Why Project Runway is Superior to Top Chef

Early on, Misty and I didn’t watch a lot of reality TV. We watched the first season of Survivor and part of the US version of Big Brother, but after that brief flirtation, we were done.

Bravo changed that. Project Runway snagged both of us in large part because its contestants have to make clothing. The creative aspect tempers the usual clash of personalities and sparks my interest because, hey, I’m always interested in the creative process.

The same dynamic is what drew us to Top Chef. In the former, contestants make clothes under various wacky constraints and have fashion and design experts judge their efforts. In the latter, contestants cook food under various wacky constraints and have chefs and food experts judge their efforts.

Despite those similarities, I find Top Chef to be far less enthralling than Project Runway. I’ve been puzzling over that for a while now. It’s not like I’ll ever make clothes, whereas I have at least a passing chance of making the food from Top Chef. And yet, I enjoy watching Project Runway more.

There are, I have decided, three major differences between the shows that explain my reaction. The first is how the challenges are set up. In Project Runway, all of the designers are given a task and work to complete it. At the end, models wear the designers’ clothes in a runway show. Top Chef episodes begin with a “Quickfire Challenge,” in which the chefs must make something very fast and under constraints that allow for the maximum product placement. Only after the quickfire challenge is complete do they move on to the “Elimination Challenge”. This two-challenge setup steals momentum from the show and keeps you from seeing much of what the chefs are doing. With as many contestants as they have, they have to move quickly to show you all of the finished dishes, and with two challenges, they can’t spend much time showing the actual cooking. The result is that I see less process in Top Chef than I do in Project Runway.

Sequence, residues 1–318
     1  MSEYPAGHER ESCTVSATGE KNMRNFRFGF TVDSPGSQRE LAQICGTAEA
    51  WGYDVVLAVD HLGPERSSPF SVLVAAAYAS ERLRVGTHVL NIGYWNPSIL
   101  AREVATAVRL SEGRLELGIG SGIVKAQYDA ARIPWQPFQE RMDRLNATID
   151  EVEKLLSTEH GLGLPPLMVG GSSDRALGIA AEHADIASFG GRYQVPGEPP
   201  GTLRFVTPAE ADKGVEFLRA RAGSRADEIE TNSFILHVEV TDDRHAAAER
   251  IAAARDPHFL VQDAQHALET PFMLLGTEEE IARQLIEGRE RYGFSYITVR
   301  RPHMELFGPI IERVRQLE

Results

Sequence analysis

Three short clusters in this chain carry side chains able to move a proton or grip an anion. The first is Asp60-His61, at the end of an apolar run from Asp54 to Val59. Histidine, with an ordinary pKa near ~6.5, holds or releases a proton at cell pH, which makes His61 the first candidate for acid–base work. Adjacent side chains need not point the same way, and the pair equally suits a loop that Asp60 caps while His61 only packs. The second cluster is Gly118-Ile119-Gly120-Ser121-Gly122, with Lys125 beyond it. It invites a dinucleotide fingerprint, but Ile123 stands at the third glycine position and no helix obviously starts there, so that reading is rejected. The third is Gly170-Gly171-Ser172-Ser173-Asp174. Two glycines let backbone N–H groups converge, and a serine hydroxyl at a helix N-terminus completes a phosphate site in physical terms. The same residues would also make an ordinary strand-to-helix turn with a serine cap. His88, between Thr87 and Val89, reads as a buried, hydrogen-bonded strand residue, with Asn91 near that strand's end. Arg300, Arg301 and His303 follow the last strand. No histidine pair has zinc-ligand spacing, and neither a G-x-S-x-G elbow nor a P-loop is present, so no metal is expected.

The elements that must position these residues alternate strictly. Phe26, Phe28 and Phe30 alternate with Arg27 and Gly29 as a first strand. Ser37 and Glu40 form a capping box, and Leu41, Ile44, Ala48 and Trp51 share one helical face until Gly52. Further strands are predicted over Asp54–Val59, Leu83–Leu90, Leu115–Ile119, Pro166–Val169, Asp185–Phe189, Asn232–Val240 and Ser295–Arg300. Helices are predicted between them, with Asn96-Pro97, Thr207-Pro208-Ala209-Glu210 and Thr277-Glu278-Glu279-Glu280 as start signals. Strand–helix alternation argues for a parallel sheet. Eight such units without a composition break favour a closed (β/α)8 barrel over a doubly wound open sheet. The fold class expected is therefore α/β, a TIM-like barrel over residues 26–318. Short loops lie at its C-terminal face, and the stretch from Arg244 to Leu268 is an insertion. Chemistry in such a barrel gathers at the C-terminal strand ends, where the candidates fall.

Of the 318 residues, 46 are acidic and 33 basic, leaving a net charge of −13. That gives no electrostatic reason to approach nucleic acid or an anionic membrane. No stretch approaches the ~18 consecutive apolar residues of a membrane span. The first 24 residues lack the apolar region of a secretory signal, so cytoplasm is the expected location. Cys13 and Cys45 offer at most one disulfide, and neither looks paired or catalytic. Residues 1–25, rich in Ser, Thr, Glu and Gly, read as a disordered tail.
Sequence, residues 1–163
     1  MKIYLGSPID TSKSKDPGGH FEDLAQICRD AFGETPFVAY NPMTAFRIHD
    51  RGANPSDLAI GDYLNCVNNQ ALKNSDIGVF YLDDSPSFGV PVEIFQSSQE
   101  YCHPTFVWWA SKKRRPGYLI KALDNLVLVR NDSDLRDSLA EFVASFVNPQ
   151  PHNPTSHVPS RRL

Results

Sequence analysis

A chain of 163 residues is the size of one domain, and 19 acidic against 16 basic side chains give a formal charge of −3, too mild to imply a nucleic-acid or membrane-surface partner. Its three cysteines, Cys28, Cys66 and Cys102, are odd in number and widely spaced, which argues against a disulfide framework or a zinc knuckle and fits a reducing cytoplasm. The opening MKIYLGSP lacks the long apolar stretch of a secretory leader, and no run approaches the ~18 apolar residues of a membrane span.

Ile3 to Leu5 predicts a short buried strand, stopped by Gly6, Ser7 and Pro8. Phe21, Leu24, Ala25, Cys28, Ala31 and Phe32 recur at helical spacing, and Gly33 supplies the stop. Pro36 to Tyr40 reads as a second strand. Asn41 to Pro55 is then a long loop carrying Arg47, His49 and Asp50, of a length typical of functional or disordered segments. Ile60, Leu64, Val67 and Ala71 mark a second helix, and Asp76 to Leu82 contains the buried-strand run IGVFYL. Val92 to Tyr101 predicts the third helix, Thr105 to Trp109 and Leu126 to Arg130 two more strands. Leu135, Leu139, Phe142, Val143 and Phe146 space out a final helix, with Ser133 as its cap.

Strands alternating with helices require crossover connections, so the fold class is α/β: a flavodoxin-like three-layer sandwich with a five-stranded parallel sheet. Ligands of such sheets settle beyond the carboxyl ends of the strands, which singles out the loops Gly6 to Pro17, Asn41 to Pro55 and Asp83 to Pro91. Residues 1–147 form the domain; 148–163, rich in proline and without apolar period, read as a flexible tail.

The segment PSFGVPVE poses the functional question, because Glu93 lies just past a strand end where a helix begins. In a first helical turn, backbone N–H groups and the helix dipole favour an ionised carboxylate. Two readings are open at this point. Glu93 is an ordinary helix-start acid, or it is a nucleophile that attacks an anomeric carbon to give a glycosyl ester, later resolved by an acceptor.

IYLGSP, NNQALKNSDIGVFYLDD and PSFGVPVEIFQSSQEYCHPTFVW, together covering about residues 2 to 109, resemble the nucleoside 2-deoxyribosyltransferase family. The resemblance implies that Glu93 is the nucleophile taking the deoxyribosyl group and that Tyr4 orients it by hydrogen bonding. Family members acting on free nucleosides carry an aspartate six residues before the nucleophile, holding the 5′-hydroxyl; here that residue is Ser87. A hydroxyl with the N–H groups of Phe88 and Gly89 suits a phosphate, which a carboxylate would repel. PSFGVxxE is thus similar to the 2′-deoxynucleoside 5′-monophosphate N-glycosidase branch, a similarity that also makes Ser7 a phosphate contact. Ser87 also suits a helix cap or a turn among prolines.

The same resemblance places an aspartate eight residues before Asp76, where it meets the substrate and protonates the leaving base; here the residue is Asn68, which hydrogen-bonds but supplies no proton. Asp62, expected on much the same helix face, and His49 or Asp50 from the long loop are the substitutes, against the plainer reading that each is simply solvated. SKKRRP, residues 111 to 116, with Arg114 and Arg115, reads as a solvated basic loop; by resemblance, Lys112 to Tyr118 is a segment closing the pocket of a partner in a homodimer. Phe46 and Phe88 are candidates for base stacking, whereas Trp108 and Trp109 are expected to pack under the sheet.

The second difference is that I can see how good a garment looks but I can’t taste how good a dish is. When a judge on Project Runway says that a dress is hanging poorly, I can look and see, indeed, that is one off-kilter dress. When a judge on Top Chef says that a dish isn’t acidic enough, I can’t tell. Watching Project Runway and listening to the judges has taught me more about how to appreciate clothes. Watching Top Chef has taught me that I don’t like Marcel’s troll-doll hair.

The third, most crippling difference is Top Chef‘s lack of a mentor. Project Runway has Tim Gunn, Chair of Fashion Design at the clunkily-named Parsons The New School for Design. Tim serves as the designer’s Virgil. He introduces challenges to them, interacts with them regularly, and gives constructive feedback as they work on their clothing. He has a dry sense of humor, a good eye, and most importantly, he seems to really want to help the designers. His caring how they do balances out the inevitable harshness of being judged. Oh, and he isn’t a judge, which levels the power imbalance between the designers and him. On the other side, there’s Tom Colicchio, late of Gramercy Tavern. The Television Without Pity folks have taken to calling his interactions with the chefs the “sniff and sneer”. He comes in while they’re cooking, raises his eyebrows, makes dismissive remarks, and waltzes out. Later he judges their creations. At no point does he give really useful feedback. During the current season of Top Chef, Ted Allen of Queer Eye fame was a guest judge and gave constructive criticism to the chefs. It was refreshing.

Two of the above are structural problems, and could be changed for future seasons of Top Chef. Being unable to judge the results, however, is a deal-breaker. Since I’m more interested in the creative process than in the human drama, Project Runway wins hands-down.

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